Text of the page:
SRV is Rheonics sensor for inline viscosity measurement (viscometer). Read more on SRV here.
The NPT 3/4”-14 connection is Rheonics most commonly used design for SRV. In most cases, it is the most price-efficient option with the shortest lead time and the largest selection of accessories.
NPT threaded connections are very common in industrial applications. It is used both in low and high-pressure environments, up to 500 bar / 7500 psi. This type of connection allows for an easy process integration using some of Rheonics accessories or a thread in a pipe or vessel.
This threaded connection requires the use of a Teflon band. This helps to ensure a sealed connection and avoids cold welds (the process connection adaptor may get stuck with the sensor, leading to severe damage).
Figure 1: SRV NPT dimensions.
Threads per inch (TPI)
Wrench for installation
Drawing and CAD file
2. General installation guidelines
SR-sensors can be placed at any point in a process and at any orientation but is helpful to consider some terms that are usually involved in the sensor measurements.
The SRV has a sensing element shown inside the red section in Figure 2. This section of the sensor should always be fully submerged in the fluid since SRV measures what is in contact with its sensing element. This can be a problem when in a process, the flow rate is low and the pipe isn’t usually full.
A possible solution is placing the sensor horizontally and parallel to the fluid (e.g. in an elbow) and not vertically and perpendicular. Also, the use of flow cell accessories can be considered, explained later in this article.
Figure 2: SRV sensing zone.
2.2 Stagnation/dead zone
Also related to the sensing zone of the sensor, the stagnations and dead zones are important to avoid. These are defined as any space, inside the red zone, where solids can accumulate and deposit, or where there isn’t fluid, but air or other unwanted materials that have negative effects on the measurement.
A clearance of at least 5mm is recommended between the sensor tip and a pipe wall or any other obstruction. In case this can’t be ensured, then in-situ calibration may be needed.
2.3 Orientation independence
SRV has a symmetrical tip, making it possible to face a flowing fluid in any direction. Its shape enables the fluid to be in contact with the tip without creating recirculation zones.
Figure 3: SRV sensing tip.
For Newtonian fluids flow rate does not affect the viscosity, so SRV should measure the same values in static and moving states of a fluid. For non-Newtonian fluids, the flow rate does matter and viscosity readings may differ between static and moving conditions. For processes with non-constant flow rates, the recommendation is to install the SRV in a section in the pipeline with the most consistent flow rate to have a steady viscosity value.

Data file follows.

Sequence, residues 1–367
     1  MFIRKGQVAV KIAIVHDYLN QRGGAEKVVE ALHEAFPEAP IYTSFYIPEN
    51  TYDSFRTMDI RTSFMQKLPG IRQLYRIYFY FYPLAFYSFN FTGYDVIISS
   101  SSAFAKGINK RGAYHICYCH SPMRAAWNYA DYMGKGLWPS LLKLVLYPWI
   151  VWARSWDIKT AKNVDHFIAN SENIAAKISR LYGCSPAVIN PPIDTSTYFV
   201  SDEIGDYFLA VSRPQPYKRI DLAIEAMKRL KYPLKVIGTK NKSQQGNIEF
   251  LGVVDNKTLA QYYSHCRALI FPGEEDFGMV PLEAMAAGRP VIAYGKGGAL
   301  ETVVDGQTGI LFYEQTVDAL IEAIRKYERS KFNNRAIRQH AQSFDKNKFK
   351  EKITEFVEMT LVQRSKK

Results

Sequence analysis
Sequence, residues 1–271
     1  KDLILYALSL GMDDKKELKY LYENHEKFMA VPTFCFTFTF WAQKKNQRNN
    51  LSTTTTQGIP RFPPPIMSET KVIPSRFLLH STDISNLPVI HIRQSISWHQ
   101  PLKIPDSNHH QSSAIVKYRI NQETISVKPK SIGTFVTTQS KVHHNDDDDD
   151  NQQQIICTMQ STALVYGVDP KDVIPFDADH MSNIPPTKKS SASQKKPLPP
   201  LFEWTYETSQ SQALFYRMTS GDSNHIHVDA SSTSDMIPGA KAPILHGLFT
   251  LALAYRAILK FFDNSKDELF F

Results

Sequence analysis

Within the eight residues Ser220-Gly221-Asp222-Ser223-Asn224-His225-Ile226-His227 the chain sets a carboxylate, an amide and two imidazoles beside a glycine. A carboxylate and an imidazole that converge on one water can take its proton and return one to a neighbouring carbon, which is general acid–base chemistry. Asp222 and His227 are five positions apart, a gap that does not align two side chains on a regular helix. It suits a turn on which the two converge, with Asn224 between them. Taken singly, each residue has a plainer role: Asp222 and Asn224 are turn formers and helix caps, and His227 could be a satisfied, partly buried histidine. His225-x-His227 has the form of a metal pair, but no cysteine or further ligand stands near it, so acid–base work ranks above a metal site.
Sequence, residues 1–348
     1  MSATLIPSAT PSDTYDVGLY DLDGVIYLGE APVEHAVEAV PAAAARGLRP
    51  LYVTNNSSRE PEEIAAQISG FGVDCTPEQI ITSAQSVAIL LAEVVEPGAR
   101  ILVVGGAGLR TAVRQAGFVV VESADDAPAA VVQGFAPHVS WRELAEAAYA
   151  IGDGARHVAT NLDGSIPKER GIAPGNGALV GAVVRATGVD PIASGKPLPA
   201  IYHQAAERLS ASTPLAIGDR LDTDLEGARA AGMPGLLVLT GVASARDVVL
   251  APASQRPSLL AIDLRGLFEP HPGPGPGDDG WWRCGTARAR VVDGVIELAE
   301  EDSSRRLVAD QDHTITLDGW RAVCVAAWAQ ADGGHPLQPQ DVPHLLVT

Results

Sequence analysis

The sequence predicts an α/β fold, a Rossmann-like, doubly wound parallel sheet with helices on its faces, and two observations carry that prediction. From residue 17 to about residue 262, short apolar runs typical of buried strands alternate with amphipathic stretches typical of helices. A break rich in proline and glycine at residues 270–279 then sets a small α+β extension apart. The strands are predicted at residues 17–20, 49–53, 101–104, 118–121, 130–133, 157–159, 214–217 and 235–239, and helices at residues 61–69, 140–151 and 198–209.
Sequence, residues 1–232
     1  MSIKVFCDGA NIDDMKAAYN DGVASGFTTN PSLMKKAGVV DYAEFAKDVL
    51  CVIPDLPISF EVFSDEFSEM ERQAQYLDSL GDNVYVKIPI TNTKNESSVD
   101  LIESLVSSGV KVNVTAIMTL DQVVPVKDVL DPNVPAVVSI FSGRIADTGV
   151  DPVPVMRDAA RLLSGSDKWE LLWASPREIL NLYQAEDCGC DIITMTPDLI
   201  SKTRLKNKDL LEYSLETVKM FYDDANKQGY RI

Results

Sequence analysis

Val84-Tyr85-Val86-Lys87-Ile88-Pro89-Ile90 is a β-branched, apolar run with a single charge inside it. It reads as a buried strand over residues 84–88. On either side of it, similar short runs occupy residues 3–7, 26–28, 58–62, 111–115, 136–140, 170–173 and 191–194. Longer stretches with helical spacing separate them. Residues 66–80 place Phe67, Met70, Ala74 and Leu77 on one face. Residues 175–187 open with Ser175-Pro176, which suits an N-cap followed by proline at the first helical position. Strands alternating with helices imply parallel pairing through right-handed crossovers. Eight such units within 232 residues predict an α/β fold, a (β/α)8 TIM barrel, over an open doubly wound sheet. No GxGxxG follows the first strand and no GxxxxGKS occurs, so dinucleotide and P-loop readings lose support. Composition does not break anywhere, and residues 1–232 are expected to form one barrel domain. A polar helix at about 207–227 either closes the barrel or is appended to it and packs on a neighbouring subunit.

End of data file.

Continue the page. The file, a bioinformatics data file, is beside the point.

Flow rate is also relevant to ensure the full submersion of the SRV sensing element into the fluid. For a process with a low flow rate, pipes may not be full of fluid at all points, so SRV should then be placed in a section where the pipe is usually full of fluid (i.e. after a pump). Installing the sensor upwards can solve the issue but should not be considered for fluids with solids or characteristics that can create deposits around the sensing element.
In all cases, the SRV’s sensing element should be submerged into the fluid. It’s best to avoid installations with long standpipes (i.e. using a long weldolet or tee), since that may lead to not good fluid transfer resulting in measurements that do not reflect the true state of fluid or worse high noise measurements.
Figure 4: Flow conditions in installation.
2.5 Fluid type
The SRV in general works well with almost all fluids as long as the installation is correct. Some common fluid types and scenarios are mentioned next:
Important installation considerations are given in this article for these and other specific fluid types.
3. Installation common issues
As explained above, for accurate, repeatable and reproducible readings of the SRV it is important to maintain the sensing element immersed and without stagnation zones that can lead to deposits around the sensing area.